Miami businessman and philanthropist Eli Nash had many in tears as he shared his story of the horrific abuse he suffered from age 8 to 11.
As optimistic as Menachem Rosenberg is – and he said he is going to Uman – he’s sure that this year, most of the travelers will not tour other religious sites or places in Ukraine.
Three sets of three-day Yomim Tovim can seem overwhelming – especially when we are trying to stay healthy.
Is a missed opportunity to do a mitzvah considered a sin?
The sounds and scents of the kitchen are cozy, familiar, but loud in the silence.
Everyone has a weakness. For some people it is the inability to walk past a sales rack without dropping a few hundred dollars. For others, it’s the inability to keep their house organized.
Not enjoying saying no, I often succumbed to requests viewing them as demands I couldn’t refuse.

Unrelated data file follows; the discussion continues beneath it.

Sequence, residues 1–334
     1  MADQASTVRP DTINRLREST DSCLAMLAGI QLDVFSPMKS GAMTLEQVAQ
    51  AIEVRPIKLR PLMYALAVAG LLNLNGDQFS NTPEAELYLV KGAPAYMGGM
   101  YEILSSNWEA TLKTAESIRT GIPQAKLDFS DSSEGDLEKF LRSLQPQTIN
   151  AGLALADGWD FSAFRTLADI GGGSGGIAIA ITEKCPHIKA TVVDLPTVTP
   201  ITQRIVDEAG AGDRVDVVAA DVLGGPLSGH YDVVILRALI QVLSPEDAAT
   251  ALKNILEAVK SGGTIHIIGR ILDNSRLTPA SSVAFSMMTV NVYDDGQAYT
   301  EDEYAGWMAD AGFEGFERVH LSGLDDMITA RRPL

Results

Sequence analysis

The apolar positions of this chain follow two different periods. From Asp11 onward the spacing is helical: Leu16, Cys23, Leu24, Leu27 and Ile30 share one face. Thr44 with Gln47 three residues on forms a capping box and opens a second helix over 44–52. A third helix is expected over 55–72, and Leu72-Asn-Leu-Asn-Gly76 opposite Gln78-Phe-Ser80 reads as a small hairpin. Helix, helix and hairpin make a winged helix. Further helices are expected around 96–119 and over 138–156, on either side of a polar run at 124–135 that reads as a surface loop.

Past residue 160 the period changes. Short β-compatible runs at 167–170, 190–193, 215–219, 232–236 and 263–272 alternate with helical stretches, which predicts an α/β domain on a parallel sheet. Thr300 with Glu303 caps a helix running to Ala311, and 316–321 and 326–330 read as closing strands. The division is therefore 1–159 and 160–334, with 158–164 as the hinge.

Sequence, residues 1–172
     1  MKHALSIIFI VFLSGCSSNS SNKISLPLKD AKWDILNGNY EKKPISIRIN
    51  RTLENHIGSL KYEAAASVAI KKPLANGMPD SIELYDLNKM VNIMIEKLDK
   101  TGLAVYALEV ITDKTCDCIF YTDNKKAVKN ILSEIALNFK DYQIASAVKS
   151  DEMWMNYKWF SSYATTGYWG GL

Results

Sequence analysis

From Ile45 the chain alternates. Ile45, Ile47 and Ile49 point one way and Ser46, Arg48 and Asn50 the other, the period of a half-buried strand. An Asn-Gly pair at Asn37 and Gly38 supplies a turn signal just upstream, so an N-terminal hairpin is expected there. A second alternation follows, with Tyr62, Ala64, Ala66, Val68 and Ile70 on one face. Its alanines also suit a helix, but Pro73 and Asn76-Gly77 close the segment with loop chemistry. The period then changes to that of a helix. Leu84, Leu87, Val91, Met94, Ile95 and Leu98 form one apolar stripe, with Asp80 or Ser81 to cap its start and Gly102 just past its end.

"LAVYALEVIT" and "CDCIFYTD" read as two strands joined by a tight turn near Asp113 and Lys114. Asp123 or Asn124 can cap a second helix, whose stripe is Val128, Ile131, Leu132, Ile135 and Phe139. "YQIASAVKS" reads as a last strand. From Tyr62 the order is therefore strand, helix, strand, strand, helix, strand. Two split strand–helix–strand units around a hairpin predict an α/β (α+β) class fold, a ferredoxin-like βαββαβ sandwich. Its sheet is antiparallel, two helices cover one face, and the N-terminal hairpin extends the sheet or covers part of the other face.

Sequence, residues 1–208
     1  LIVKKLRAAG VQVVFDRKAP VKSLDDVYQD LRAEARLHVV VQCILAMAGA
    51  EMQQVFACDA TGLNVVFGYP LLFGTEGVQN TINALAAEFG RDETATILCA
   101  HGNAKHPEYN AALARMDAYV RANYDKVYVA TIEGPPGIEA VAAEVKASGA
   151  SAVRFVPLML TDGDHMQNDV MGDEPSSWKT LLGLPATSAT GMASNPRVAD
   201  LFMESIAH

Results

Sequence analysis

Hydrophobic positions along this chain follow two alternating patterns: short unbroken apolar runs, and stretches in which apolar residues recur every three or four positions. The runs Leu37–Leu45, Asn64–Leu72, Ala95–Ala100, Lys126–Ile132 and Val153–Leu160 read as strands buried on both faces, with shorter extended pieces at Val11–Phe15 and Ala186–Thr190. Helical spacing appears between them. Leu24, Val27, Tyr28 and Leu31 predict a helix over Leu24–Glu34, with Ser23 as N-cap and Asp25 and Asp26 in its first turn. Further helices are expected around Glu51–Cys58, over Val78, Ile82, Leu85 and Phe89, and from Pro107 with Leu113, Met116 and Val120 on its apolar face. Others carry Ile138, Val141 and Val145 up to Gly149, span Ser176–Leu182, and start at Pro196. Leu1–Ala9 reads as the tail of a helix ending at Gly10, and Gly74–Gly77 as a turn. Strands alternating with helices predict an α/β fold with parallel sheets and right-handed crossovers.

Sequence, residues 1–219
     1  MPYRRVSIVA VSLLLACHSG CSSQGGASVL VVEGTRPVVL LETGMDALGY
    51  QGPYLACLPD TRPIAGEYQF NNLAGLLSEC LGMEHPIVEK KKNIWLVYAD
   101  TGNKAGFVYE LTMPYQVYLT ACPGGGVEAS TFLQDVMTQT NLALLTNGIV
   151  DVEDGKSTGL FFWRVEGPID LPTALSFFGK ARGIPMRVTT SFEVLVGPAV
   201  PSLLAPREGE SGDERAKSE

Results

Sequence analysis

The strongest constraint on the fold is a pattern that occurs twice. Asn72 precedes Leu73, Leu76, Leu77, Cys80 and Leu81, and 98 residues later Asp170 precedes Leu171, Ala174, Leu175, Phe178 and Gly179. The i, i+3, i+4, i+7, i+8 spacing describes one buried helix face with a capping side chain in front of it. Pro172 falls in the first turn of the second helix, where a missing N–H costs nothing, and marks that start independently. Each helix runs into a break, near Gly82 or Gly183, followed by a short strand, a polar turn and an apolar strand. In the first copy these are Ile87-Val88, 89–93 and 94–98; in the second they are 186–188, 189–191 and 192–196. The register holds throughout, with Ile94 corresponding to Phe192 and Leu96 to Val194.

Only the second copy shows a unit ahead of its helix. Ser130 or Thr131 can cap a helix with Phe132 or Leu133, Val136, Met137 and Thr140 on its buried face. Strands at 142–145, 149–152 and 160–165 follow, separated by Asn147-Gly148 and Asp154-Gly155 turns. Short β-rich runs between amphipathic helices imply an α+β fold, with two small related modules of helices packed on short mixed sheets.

His entire life was dedicated to Torah and he became a pivotal figure in the transmittal of the Oral Torah to the next generation.
When you don’t have anyone else to turn to… that’s when you’re tied to Hashem the closest.
Unpleasant happenings are quickly discarded if they do not affect us directly.
It is so hurtful to heighten people’s sense of inadequacy and guilt in a matzav that is already horrendous and difficult to bear.
Make no mistake: in the wrong hands cars are weapons of mass destruction.
Where once divorce in heimische communities was relatively uncommon, nowadays every family has a son, daughter, sibling cousin who is divorced – sometimes twice or even three times!
Many go about the business of living frum, observant lives, but they are only going through the motions.
Lately I have been hearing quiet grumblings from people who admit that they regret not encouraging their sons to get a post-high school education after a year or two of learning.
Printed from: http://www.jewishpress.com/sections/magazine/a-gazayra-in-gaza/2005/01/26/